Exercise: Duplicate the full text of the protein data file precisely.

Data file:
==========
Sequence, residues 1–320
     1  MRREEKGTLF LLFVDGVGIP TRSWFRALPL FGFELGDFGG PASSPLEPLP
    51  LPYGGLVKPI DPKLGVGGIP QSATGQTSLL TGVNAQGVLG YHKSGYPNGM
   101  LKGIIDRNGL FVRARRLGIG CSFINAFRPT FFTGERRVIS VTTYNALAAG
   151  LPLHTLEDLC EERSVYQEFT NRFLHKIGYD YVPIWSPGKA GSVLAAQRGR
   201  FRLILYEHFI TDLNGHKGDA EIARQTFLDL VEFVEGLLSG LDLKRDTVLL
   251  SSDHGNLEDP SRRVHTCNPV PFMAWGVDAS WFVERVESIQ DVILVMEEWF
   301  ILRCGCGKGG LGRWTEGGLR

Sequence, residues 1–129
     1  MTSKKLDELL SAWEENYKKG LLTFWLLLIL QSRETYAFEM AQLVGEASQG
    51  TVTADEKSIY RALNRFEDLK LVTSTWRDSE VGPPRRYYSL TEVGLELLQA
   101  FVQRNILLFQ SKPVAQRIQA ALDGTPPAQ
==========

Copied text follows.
Sequence, residues 1–320
     1  MRREEKGTLF LLFVDGVGIP TRSWFRALPL FGFELGDFGG PASSPLEPLP
    51  LPYGGLVKPI DPKLGVGGIP QSATGQTSLL TGVNAQGVLG YHKSGYPNGM
   101  LKGIIDRNGL FVRARRLGIG CSFINAFRPT FFTGERRVIS VTTYNALAAG
   151  LPLHTLEDLC EERSVYQEFT NRFLHKIGYD YVPIWSPGKA GSVLAAQRGR
   201  FRLILYEHFI TDLNGHKGDA EIARQTFLDL VEFVEGLLSG LDLKRDTVLL
   251  SSDHGNLEDP SRRVHTCNPV PFMAWGVDAS WFVERVESIQ DVILVMEEWF
   301  ILRCGCGKGG LGRWTEGGLR

Sequence, residues 1–129
     1  MTSKKLDELL SAWEENYKKG LLTFWLLLIL QSRETYAFEM AQLVGEASQG
    51  TVTADEKSIY RALNRFEDLK LVTSTWRDSE VGPPRRYYSL TEVGLELLQA
   101  FVQRNILLFQ SKPVAQRIQA ALDGTPPAQ